The popularity of travelling alone is booming, especially for women.
One in 10 women globally want to travel solo in 2020 and, according to Booking.com, more than a third of female Generation Z travellers plan to travel solo at least once within the next decade.
While numbers are increasing, safety concerns can make many women hesitant, however, there are several ways to stay safe.
To mark International Women's Day, Newshub has compiled a list of the top tips for the best chance at the solo trip of your dreams.
Do your research
While researching can be a drag, it is important to understand and respect local laws and customs. Forbes recommends finding out any cultural, religious or political events that are taking place during your trip so there aren't any surprises. It also suggests learning the differences in cultures such as hand gestures. For example, in many countries a thumbs up is a friendly gesture which means "okay" or "good job" but in other countries, it is considered rude and offensive. Part of your research should also be familiarising yourself with the local emergency numbers of the places you're travelling, that way if something goes wrong you know who to call.
Be aware of your surroundings
While this may seem like an obvious one, it is easy to get distracted by new sights and cities and ignore the people around you. Travel blog HeyCiara says paying close attention to the people around you makes you aware of any danger and also lets any potential predators know that you are watching them. For example, making sure you are looking around when walking and keeping one earbud out if you're listening to music will make it easier to spot any usual behaviour like someone following you.
Trust your gut
Listening to your intuition is particularly important when travelling solo. If something doesn't feel right or you feel uneasy there is no shame in being cautious and removing yourself from the situation. Kristin Addis from Be My Travel Muse says your instincts are designed to keep you safe and will steer you in the right direction if you pay attention to them. Be mindful of any alarm bells and don't feel silly for listening to them.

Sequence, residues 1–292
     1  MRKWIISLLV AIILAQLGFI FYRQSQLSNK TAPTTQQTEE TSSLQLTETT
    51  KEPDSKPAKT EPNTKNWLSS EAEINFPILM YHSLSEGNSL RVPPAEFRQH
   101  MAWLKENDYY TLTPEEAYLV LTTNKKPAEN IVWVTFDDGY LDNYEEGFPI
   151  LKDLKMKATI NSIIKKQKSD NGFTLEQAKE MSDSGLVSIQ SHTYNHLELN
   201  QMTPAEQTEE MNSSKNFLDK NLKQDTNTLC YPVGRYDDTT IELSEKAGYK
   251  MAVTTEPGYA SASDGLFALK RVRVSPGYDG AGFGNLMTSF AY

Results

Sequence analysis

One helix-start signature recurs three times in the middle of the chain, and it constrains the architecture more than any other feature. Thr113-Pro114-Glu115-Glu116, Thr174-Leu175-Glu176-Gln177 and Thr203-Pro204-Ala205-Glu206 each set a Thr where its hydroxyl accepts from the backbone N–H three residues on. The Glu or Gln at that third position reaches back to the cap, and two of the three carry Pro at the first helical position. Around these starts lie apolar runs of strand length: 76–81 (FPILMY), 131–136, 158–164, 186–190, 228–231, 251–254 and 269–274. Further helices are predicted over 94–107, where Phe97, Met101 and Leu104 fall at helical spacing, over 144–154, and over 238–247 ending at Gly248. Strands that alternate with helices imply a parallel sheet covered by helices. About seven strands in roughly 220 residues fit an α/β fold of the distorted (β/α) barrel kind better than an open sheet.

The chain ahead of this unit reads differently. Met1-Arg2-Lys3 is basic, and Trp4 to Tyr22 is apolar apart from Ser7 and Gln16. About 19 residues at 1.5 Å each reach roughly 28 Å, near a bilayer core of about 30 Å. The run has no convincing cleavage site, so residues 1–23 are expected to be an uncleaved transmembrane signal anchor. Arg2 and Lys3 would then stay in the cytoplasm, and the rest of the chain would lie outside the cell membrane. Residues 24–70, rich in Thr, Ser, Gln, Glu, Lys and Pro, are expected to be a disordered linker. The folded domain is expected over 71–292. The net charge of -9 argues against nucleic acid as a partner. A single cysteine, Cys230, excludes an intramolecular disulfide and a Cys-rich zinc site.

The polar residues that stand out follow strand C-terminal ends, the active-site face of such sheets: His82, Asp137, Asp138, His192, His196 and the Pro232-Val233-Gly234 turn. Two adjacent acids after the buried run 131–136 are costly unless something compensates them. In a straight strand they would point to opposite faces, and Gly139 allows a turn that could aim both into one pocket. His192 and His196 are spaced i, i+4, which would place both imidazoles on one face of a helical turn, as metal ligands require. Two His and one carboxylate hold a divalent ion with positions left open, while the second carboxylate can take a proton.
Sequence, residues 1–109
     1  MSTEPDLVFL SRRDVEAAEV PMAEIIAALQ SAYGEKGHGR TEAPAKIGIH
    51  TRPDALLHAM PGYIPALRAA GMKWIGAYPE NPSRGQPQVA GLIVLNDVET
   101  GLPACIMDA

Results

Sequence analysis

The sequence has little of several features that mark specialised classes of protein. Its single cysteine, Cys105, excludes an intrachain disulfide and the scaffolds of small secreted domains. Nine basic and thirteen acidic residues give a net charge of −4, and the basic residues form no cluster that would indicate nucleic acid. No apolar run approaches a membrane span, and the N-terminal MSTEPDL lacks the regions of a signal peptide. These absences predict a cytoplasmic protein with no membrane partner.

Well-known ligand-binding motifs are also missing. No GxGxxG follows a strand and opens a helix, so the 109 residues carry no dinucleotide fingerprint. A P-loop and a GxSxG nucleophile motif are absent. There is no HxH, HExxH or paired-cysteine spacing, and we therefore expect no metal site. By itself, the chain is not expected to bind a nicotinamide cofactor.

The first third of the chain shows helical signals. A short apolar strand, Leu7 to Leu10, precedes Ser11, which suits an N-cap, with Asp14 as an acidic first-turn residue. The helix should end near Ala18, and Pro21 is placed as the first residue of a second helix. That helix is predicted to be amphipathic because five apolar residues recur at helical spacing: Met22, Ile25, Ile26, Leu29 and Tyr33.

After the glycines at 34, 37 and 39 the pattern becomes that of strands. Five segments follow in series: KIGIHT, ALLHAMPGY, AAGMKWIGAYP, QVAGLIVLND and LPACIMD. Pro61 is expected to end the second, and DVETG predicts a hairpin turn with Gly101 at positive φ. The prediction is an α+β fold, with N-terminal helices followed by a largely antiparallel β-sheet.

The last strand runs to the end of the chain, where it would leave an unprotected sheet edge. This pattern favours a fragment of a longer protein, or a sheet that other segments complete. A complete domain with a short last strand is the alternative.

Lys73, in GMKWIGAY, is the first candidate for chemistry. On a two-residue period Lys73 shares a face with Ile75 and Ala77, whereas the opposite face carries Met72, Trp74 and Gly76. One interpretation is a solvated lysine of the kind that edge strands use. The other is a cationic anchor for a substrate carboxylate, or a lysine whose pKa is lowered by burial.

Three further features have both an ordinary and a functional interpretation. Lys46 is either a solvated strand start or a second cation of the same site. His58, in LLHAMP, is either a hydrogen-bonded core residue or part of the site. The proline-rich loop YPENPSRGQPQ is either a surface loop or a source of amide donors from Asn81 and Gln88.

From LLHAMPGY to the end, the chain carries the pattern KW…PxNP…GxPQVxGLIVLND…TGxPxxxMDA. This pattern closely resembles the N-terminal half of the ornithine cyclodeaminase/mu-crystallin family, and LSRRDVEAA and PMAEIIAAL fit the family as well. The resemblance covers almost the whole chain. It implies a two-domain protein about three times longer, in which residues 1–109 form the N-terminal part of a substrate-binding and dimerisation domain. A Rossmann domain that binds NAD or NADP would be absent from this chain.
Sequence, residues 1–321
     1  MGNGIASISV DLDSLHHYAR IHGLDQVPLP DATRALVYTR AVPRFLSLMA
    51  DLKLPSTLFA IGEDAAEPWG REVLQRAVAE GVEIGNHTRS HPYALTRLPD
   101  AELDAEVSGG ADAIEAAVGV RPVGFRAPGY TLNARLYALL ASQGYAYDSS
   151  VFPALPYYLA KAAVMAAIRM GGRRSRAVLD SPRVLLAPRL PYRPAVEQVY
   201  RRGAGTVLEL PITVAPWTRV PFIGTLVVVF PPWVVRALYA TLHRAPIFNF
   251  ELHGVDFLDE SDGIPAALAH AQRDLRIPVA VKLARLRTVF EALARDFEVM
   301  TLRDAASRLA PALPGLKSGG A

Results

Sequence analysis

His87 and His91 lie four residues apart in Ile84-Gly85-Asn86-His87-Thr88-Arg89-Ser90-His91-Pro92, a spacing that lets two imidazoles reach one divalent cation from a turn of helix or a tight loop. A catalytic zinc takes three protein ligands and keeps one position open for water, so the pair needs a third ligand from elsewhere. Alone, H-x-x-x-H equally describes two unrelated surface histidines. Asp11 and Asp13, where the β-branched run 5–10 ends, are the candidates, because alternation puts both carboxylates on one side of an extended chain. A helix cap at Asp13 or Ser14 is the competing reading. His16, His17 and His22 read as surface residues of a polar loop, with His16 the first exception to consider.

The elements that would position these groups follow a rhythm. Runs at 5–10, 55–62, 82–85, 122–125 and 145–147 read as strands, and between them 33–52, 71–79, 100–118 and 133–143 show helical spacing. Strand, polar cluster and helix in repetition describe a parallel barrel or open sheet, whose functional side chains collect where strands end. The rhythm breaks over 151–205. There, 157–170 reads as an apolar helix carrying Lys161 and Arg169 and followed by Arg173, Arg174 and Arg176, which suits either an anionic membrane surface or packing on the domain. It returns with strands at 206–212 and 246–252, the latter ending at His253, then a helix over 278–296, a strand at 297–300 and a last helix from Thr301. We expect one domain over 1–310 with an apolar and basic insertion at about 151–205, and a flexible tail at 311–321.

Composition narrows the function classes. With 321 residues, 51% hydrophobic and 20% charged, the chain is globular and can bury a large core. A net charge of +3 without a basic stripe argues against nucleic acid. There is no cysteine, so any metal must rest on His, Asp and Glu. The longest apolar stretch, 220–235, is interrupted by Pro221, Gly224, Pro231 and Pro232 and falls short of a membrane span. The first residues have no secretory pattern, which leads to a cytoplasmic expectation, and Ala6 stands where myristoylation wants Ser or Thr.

Share your itinerary
Sharing your schedule with a friend or relative is an easy way to stay safe while travelling alone. While your friends back home have limited ways they can help, letting them know where you will be and when means if something goes wrong they can point local authorities in the right direction. It will also stop them from worrying which is an added bonus.
Get travel insurance
Insurance, while boring, is a crucial element of safely travelling solo. If something goes wrong while travelling solo there is no one else to help, which makes insurance so much more important. Insurance covers basic things like healthcare, lost luggage, theft or scheduling changes. Better safe than sorry.
Spend extra money on staying safe
It's easy to opt for the cheapest flights but if those flights have you landing in a dodgy city in the middle of the night, it might be worth shelling out some extra cash. This also applies to accommodation, it's better to spend more to stay in a safe hotel in a busy area than a sleazy hotel in an area where you might feel isolated or trapped. Sending the extra money is well worth the expense and will make the overall trip more enjoyable. Forbes suggests planning these extra expenses into your budget so you don't get caught out mid-trip.
Be cautious but have fun
Solo travel is a great opportunity to see the world, meet new people and immerse yourself in different cultures. While it can be scary, it's a great way to grow your independence and push yourself. Be mindful of your surroundings, take caution in unknown situations, but enjoy the time alone. Planning ahead, keeping friends updated on your movements and acting responsibly should give you a little time to kick your feet up too.